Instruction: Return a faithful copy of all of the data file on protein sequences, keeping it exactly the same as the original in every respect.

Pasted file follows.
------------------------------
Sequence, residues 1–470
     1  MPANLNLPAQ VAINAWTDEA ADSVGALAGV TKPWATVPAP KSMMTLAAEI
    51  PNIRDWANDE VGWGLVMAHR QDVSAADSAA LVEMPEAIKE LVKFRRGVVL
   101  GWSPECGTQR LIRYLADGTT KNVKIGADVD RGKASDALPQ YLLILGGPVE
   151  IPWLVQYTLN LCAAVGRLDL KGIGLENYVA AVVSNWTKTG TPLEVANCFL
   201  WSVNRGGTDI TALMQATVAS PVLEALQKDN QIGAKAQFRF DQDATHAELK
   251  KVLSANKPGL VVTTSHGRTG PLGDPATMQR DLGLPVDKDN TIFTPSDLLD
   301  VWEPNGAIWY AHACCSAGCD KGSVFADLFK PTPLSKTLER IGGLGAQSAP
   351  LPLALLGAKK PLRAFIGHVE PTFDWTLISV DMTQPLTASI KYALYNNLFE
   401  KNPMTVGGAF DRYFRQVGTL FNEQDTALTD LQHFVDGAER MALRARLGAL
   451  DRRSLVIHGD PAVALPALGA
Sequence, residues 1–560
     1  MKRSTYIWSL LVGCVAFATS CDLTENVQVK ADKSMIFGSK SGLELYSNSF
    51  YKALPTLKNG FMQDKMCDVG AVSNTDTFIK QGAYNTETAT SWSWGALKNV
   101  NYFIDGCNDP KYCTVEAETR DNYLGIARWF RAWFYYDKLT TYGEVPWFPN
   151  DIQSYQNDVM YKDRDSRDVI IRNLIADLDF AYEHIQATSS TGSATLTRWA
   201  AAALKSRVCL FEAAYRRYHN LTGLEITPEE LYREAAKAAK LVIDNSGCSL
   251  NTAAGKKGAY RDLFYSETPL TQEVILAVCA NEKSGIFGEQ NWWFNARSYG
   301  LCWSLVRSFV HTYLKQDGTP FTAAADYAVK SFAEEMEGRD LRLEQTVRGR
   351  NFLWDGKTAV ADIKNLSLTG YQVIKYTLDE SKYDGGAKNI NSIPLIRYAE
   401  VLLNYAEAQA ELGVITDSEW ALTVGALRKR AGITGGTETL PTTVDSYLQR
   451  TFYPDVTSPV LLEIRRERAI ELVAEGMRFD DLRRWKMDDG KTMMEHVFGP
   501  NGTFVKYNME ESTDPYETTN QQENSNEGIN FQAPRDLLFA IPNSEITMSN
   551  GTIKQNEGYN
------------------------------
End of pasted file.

Sequence, residues 1–470
     1  MPANLNLPAQ VAINAWTDEA ADSVGALAGV TKPWATVPAP KSMMTLAAEI
    51  PNIRDWANDE VGWGLVMAHR QDVSAADSAA LVEMPEAIKE LVKFRRGVVL
   101  GWSPECGTQR LIRYLADGTT KNVKIGADVD RGKASDALPQ YLLILGGPVE
   151  IPWLVQYTLN LCAAVGRLDL KGIGLENYVA AVVSNWTKTG TPLEVANCFL
   201  WSVNRGGTDI TALMQATVAS PVLEALQKDN QIGAKAQFRF DQDATHAELK
   251  KVLSANKPGL VVTTSHGRTG PLGDPATMQR DLGLPVDKDN TIFTPSDLLD
   301  VWEPNGAIWY AHACCSAGCD KGSVFADLFK PTPLSKTLER IGGLGAQSAP
   351  LPLALLGAKK PLRAFIGHVE PTFDWTLISV DMTQPLTASI KYALYNNLFE
   401  KNPMTVGGAF DRYFRQVGTL FNEQDTALTD LQHFVDGAER MALRARLGAL
   451  DRRSLVIHGD PAVALPALGA
Sequence, residues 1–560
     1  MKRSTYIWSL LVGCVAFATS CDLTENVQVK ADKSMIFGSK SGLELYSNSF
    51  YKALPTLKNG FMQDKMCDVG AVSNTDTFIK QGAYNTETAT SWSWGALKNV
   101  NYFIDGCNDP KYCTVEAETR DNYLGIARWF RAWFYYDKLT TYGEVPWFPN
   151  DIQSYQNDVM YKDRDSRDVI IRNLIADLDF AYEHIQATSS TGSATLTRWA
   201  AAALKSRVCL FEAAYRRYHN LTGLEITPEE LYREAAKAAK LVIDNSGCSL
   251  NTAAGKKGAY RDLFYSETPL TQEVILAVCA NEKSGIFGEQ NWWFNARSYG
   301  LCWSLVRSFV HTYLKQDGTP FTAAADYAVK SFAEEMEGRD LRLEQTVRGR
   351  NFLWDGKTAV ADIKNLSLTG YQVIKYTLDE SKYDGGAKNI NSIPLIRYAE
   401  VLLNYAEAQA ELGVITDSEW ALTVGALRKR AGITGGTETL PTTVDSYLQR
   451  TFYPDVTSPV LLEIRRERAI ELVAEGMRFD DLRRWKMDDG KTMMEHVFGP
   501  NGTFVKYNME ESTDPYETTN QQENSNEGIN FQAPRDLLFA IPNSEITMSN
   551  GTIKQNEGYN